The First Rule of Bowls

Many of you are familiar with the First Rule of Holes: “When you find yourself in one, stop digging.”

You might now know, however, that there is a First Rule of Bowls: “Never make a bowl bigger on the inside than it is on the outside.”

I broke that rule this morning.

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This is a bit different from the silver maple bowl from a couple of days ago. In that case, I broke the tenon broke off because the wood was not sound. In this case, I just cut too much out of the bottom of the bowl.

So now it’s a lovely natural edge American elm funnel. Or lampshade. I’m not sure yet.

No need to embellish

I sometimes consider adding some sort of embellishment on my next project–a band of texturing or pyrography, perhaps.

And then I get something with grain like this…

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…and I realize that anything I could possibly add would be like gluing sequins on a lily; it would only detract from the beauty that’s inherent in the material.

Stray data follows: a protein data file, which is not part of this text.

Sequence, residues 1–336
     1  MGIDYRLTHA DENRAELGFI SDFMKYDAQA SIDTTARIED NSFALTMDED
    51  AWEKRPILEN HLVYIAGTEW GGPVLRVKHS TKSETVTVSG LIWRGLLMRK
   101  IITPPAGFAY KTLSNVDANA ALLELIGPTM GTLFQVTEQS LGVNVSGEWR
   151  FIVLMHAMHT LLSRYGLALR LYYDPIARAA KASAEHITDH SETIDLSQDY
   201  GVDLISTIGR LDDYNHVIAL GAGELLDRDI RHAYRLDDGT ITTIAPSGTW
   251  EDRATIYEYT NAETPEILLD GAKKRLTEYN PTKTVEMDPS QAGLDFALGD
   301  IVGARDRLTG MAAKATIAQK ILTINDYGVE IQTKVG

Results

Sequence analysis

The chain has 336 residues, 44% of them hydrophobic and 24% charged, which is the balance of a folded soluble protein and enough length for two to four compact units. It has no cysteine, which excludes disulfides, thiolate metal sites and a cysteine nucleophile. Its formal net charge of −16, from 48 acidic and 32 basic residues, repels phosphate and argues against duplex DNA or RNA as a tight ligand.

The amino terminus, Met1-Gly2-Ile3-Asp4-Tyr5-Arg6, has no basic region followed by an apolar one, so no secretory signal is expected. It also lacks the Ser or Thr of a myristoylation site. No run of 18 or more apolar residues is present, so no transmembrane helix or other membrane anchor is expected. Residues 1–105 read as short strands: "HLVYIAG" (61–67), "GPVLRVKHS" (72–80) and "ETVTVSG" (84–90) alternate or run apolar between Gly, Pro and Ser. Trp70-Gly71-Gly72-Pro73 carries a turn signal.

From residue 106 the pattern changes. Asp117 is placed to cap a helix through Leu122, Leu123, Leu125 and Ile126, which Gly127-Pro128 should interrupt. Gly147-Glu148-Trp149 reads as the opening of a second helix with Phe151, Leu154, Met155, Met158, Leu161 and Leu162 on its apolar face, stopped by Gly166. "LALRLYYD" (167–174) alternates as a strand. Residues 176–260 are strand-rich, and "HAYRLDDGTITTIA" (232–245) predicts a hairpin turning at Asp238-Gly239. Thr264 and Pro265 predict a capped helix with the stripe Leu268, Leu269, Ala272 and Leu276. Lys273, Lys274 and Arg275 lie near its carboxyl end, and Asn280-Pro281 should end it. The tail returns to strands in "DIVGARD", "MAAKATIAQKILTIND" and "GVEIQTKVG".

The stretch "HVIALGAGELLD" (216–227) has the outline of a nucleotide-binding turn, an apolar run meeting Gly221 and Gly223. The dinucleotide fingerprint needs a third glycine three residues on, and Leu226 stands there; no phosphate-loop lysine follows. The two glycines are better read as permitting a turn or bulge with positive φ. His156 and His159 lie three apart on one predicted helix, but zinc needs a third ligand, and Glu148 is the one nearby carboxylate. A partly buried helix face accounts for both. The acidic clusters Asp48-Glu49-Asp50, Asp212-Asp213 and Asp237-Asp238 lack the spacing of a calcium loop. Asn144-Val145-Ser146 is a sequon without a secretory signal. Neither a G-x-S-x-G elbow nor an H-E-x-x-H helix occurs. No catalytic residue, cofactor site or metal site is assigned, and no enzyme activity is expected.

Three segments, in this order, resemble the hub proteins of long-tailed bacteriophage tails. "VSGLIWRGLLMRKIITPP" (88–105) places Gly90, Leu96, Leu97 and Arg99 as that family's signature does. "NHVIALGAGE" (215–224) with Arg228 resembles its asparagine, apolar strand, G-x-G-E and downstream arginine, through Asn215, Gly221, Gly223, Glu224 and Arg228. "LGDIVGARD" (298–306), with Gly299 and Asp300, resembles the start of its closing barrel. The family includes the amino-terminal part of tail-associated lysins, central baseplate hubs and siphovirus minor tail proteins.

Work in progress, American elm.

A plain elm milestone

Late last summer, my wife’s aunt had to have all of the elm trees on her property cut down because they had become infected with Dutch Elm disease. For some reason, the tree service left one stump intact (they ground up the rest of them), so I decided to see what I could make of it.

I sliced it into a couple of thick slabs, and then roughed out a pair of large bowls, which I placed in paper bags to slowly dry. (Letting wet wood dry slowly helps avoid the cracking and checking that happens when it dries too quickly.)

Here’s the first of the pair, which coincidentally, is the 100th bowl that I have finished.

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American elm is a lovely hard wood, with an interlocking grain that creates some interesting patterns that shift as you view it from different angles. (The technical term is chatoyance.) Here’s a look at what I’m talking about.

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10 3/8″ diameter, 2 3/4″ high. Danish oil finish.

American Elm bowl with crotch figure

American Elms are lovely trees that have been hit hard in recent decades by Dutch Elm disease, a fungal infection that has killed millions of trees in the United States. Our family farm had dozens of them in the woodlot and surrounding the yard, and one by one, they also succumbed. This bowl is from one of the last to go.

The crotch figure in this one looks to me as if the grain has been melted and sagged.

6 5/8″ diameter, 1 3/8″ high. Danish oil finish.